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The Bounty
The Bounty

Chapman To and Fiona Sit haggle in The Bounty.
Chinese: 懸紅  
Year: 2012
Director: Fung Chih-Chiang
Producer:

Chau Cheok-Wa, Alex Dong, Paco Wong

Writer:

Fung Chih-Chiang

Action: Jack Wong Wai-Leung
Cast:

Chapman To Man-Chat, Fiona Sit Hoi-Kei, Alex Man Chi-Leung, Zi Yi, Zhang Jin, Wen Chao, Raymond Wong Ho-Yin, Eric Kot Man-Fai, Stephanie Cheng Yung, Charmaine Fong Ho-Man, Lai Man, Sire Ma, Michael Hui Koon-Man

  The Skinny: The Bounty has a good premise and a rare sense of humor, but the overbearing melodrama and scattershot focus drag the whole thing down. There's some potential here but it's unfortunately not realized. Bonus: Chapman To as a strangely effective action hero.
 
Review
by Kozo:
An unusual premise and rare creativity boost The Bounty above average but an over-stuffed storyline and questionable drama bring the whole thing tumbling back. Directed and written by Fung Chih-Chiang, the screenwriter of Shaolin Soccer, Sparrow and a bunch of other movies you probably loved, The Bounty stars Chapman To as Cho, a low-rent Hong Kong bounty hunter on his latest misadventure. He’s looking for Lee Kin-Fai (Ziyi), last seen at the remote Lazy Inn, run by its strange proprietor (Alex Man) and astrologer/housekeeper Linda (Fiona Sit). There, Cho waits for his prey, but first he has to navigate the oddball characters and circumstances that his life seems partial to. As Cho states early on, being a bounty hunter puts him in contact with some pretty weird characters. But this weird? Hard to fathom, much less tolerate.

Despite possessing plenty of extended shtick, The Bounty derives its laughs not from easy-to-please gags but from odd characters that border on bonkers. Chapman To’s Cho is mostly rational, but he’s got a strange streak, and only seems sane when compared with Alex Man’s blisteringly annoying hotel manager and Fiona Sit’s eccentric housekeeper with a ‘tude. As Cho gets to know his environs, he learns about the fractured relationships and private pains of the people surrounding him, with big revelations usually delivered via overblown catharsis and an overbearing score. The Bounty goes for odd, laconic humor that’s fit for giggles but not guffaws, so it upsets the apple cart when the story shoots into full-on melodrama. The film’s low-key comic tone is more off-putting than warm, so caring for the characters is harder than it should be. Basically, there’s a mismatch going on.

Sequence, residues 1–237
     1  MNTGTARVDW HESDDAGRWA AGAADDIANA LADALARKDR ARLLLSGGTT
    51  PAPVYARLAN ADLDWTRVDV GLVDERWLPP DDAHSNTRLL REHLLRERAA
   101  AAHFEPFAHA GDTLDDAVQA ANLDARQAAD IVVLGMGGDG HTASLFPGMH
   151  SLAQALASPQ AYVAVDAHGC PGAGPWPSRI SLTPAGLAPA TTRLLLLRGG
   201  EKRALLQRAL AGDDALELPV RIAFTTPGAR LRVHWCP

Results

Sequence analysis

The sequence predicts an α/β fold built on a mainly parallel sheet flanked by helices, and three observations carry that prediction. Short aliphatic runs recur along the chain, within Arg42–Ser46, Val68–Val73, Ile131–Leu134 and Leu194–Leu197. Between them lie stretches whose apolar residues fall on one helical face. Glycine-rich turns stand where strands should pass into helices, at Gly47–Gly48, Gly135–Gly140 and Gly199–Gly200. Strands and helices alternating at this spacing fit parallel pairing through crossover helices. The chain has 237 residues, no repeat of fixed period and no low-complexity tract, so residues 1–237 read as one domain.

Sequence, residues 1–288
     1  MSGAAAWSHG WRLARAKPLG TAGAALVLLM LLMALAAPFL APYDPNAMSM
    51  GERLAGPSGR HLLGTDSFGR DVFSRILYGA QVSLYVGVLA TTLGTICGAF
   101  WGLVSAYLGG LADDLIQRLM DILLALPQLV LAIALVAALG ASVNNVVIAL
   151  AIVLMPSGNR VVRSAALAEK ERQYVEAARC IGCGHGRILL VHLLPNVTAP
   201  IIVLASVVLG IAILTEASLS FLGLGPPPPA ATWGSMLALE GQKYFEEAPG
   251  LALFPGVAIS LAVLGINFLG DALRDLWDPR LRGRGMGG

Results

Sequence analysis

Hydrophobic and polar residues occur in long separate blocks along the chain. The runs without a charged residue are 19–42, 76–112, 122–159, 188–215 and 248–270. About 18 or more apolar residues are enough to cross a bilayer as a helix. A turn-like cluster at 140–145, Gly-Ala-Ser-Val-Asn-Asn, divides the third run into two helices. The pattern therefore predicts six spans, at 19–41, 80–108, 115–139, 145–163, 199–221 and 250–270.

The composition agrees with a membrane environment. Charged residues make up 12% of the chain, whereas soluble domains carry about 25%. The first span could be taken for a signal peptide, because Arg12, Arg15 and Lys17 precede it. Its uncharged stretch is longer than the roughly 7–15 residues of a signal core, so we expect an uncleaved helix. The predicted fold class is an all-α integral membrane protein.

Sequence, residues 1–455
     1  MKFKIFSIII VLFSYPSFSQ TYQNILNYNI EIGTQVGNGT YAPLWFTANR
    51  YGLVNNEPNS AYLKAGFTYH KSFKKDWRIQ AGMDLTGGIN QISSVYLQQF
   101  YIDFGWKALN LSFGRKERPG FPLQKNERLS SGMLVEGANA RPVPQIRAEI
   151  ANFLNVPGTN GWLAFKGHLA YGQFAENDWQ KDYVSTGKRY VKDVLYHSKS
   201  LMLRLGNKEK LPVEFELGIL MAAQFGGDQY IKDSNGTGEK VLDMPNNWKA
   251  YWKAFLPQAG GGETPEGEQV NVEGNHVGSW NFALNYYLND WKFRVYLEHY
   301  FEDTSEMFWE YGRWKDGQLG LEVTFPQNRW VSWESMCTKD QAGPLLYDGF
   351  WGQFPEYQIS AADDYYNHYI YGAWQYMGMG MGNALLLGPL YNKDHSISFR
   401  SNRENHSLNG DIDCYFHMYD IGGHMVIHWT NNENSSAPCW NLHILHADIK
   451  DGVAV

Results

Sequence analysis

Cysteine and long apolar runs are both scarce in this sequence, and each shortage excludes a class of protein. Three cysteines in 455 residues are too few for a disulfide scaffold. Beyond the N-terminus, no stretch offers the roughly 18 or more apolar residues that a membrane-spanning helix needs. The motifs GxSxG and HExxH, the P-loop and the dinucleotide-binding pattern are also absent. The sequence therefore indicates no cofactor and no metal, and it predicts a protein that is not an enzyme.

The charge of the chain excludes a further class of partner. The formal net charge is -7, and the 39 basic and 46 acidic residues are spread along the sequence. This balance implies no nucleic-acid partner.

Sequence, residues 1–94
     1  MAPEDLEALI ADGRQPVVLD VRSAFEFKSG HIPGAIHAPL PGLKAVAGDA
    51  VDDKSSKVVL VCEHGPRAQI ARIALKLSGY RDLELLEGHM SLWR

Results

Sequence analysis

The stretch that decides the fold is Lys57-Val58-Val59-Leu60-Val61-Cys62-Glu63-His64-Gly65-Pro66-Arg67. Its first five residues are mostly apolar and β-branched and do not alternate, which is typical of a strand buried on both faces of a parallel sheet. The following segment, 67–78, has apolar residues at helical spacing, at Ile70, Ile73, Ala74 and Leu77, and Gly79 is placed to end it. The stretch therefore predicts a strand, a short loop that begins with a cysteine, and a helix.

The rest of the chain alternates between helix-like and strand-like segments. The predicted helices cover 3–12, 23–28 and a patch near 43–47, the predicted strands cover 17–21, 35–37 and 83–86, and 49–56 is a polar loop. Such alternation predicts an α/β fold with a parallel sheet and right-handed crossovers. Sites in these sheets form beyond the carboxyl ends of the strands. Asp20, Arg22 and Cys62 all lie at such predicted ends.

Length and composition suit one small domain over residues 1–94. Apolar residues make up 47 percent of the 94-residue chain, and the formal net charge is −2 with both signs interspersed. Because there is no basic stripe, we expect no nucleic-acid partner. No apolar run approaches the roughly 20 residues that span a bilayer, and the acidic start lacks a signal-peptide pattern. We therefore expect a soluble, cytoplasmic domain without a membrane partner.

But there’s a crime storyline too, right? Well, sort of. Cho’s pursuit of Lee Kin-Fai is hardly tense, and ultimately falls into the same trap as the story of the hotel owners – i.e., it uses abundant drama to resolve itself. Lee is more than just a bad guy, but his backstory is detailed with such reverence that it seems overblown. Contrast that with the sillier side characters, including some bizarre triad members (who belong to the "Biting Sugar Cane Gang") and Cho’s bounty-hunting mentor (comic legend Michael Hui, who’s also a mentor to Fung Chi-Chiang) and you have a film that has too much going on, and too much to say about each and every little thing. Shaolin Soccer - if we’re comparing Fung-scripted works – had lots going on too, but it quickly identified its characters and reduced their individual moments to quick, potent asides rather than drawn-out reveals. Economy, better pacing, a tighter focus - The Bounty could use all of the above.

Fung Chi-Chiang is currently a better writer than director, though this first directorial effort is still more inspired than purely nonsensical. The production deserves some credit; the art direction and costume design are strange but refreshing. The Lazy Inn resembles something out of a modern western, and the leads are costumed to match. Also, the film shows creativity in its premise and numerous plot twists, which do spin the film in unexpected and also interesting directions. The film actually features a second baddie played by Max Zhang (of Wushu and Team of Miracle: We Will Rock You, joy), leading to amusing martial arts sequences between Zhang and Chapman To(!), who makes a surprisingly engaging action hero. To is dependable and ever-effacing in the lead, and his practiced chemistry with Fiona Sit helps to offset Alex Man’s epic scenery-chewing. With some trimmed dialogue and a more focused narrative, The Bounty might have been something special. As is, it’s still something – just not quite what it could have been. (Kozo, Reviewed at the Udine Far East Film Festival, 2012)

 
Availability: DVD (Hong Kong)
Region 0 NTSC
CN Entertainment Ltd.
16x9 Anamorphic Widescreen
Cantonese and Mandarin Language Tracks
Dolby Digital 5.1
Removable English and Chinese Subtitles
*Also Available on Blu-ray Disc
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image credit: Udine Far East Film Festival
   
   
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